By Khaled Abu Toameh, The Jerusalem Post, Oct. 13, 2005
Source: JPost Online
Al-Azhar University in Gaza City has been shut down after gunmen belonging to the ruling Fatah party beat the institution's president and some of his aides.
The attack took place on Wednesday when some 20 gunmen stormed the offices of university president Dr. Adnan al-Khaldi and forced him to flee after assaulting him.
Eyewitnesses said the attackers also dragged an employee from the university's public relations department and dumped him outside the campus.
The attack was not the first of its kind on the university. Earlier this year another Fatah group stormed the campus and threatened to lynch the university president, who managed to escape unharmed.
The attack coincided with a report published by the PA Interior Ministry showing that Fatah's armed wing, Aksa Martyrs Brigades, was largely responsible for the continued state of lawlessness and anarchy.
Figures released by the ministry showed that Fatah gunmen were involved last August in 20 incidents of lawlessness, while Hamas came in second with only 18 violations. The number of Palestinians killed in domestic violence since the beginning of the year was higher than those killed by the IDF, the figures showed.
Denouncing that attack on al-Azhar University as a “crime against education,” the university administration decided to suspend studies until the PA security forces put an end to the anarchy.
The university also appealed to Palestinian Authority Chairman Mahmoud Abbas to interfere to halt the recurring attacks on its staff by members of his Fatah party.
Sources in Gaza City said the latest attack was apparently in response to the university's decision to expel six Fatah-affiliated students for their involvement in previous cases of violence on campus.
On Wednesday, a Fatah gang kidnapped two Western journalists while they were traveling in a car near Khan Yunis.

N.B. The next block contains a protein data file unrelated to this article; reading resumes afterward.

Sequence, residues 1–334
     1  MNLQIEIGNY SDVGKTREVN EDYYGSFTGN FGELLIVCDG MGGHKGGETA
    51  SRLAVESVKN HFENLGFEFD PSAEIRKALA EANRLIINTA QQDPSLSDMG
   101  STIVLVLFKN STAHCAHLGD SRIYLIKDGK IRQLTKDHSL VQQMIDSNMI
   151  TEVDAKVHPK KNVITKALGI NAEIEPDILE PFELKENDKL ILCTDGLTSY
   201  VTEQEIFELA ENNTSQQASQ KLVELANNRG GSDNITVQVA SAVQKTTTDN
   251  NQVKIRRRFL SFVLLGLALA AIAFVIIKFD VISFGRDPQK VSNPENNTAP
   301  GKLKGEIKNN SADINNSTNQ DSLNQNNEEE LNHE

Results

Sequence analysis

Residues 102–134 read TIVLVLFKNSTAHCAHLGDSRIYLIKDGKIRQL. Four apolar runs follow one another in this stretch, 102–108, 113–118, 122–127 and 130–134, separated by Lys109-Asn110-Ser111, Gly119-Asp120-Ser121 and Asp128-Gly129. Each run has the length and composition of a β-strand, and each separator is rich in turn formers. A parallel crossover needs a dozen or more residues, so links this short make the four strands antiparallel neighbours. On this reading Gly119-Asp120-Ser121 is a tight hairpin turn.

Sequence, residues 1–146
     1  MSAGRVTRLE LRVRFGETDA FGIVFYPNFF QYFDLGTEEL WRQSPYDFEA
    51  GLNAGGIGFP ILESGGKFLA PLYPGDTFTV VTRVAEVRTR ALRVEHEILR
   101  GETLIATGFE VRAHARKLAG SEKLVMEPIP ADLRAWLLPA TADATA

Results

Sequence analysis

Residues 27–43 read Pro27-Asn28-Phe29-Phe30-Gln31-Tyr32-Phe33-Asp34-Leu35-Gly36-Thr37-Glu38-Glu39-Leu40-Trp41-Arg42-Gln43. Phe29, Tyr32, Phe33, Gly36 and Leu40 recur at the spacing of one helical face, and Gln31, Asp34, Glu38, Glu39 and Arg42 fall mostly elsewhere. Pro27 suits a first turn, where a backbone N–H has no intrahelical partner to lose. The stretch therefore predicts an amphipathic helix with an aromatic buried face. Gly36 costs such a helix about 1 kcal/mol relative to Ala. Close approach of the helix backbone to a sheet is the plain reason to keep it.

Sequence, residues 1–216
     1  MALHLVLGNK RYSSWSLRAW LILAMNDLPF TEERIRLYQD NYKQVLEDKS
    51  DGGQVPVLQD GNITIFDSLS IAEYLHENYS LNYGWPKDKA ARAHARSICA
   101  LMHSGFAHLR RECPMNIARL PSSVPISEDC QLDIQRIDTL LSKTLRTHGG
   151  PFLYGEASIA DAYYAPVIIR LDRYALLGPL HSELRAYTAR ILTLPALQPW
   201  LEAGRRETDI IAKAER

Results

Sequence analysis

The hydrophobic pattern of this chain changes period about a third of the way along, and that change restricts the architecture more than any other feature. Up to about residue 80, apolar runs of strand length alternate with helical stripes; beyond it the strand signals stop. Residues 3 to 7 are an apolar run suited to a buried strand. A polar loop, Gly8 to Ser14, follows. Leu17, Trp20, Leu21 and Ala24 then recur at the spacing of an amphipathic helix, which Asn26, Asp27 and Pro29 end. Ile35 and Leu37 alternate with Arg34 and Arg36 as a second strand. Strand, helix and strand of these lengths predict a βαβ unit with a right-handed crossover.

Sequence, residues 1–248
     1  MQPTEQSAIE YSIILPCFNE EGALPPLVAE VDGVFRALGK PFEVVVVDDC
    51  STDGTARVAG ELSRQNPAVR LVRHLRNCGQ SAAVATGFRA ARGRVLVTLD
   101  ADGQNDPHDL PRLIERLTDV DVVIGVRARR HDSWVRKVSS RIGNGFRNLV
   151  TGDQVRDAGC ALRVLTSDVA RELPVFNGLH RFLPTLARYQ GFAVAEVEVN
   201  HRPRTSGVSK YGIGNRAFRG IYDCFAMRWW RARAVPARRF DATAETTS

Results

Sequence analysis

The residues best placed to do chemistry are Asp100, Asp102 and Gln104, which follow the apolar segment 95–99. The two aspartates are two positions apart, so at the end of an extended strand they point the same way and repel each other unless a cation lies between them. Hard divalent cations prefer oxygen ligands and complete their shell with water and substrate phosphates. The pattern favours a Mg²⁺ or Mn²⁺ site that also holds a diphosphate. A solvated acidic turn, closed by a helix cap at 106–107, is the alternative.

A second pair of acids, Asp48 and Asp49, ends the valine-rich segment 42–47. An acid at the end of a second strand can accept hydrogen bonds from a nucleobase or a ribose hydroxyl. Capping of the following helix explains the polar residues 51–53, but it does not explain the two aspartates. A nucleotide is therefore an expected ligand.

The two, Jerusalem-based American correspondent Dion British photographer Adam Pletts, were on assignment for Knight Ridder newspapers when six gunmen seized them at gunpoint and forced them into a yellow Mercedes, which sped off toward Rafah.
The two were released unharmed later in the day. PA security sources said the kidnappers, who belong to a Fatah gang calling itself Black Panther, were demanding jobs and money.
PA Civil Police Chief Ala Hosni told reporters that the kidnappers were members of the al-Najjar family, one of the biggest clans in Khan Yunis. He said they wanted jobs in the Palestinian security forces and higher ranks for the clan's members who are already serving in these forces.
The two journalists were the latest victims of a wave of abductions that has hit PA-ruled areas in the past few months. On Thursday, a family from Khan Yunis announced that their son had been kidnapped and that his captors were demanding a $140,000 ransom. The man, identified as 33-year-old Fayez Sawwali, was kidnapped eight days ago. He was working for the PA Ministry of Waqf. The family accused the PA security forces of failing to carry out their duties with regards to ending the hostage situation.
In another sign of growing lawlessness, a Palestinian man was killed and two others injured in armed clashes between rival Fatah gangs in the town of Kabatya near Jenin. The victim was identified as Ala Sabaneh, a policeman who was wanted by Israel for his role in terror activities. Residents said the gunmen were local members of rival factions of the Aksa Martyrs Brigades.
Return to pages on the Palestinian state
Growing up Palestinian in the Israeli "Occupation" - Sarah El-Shazly, December 18, 2004
The Twilight Zone - Sarah El-Shazly, January 8, 2005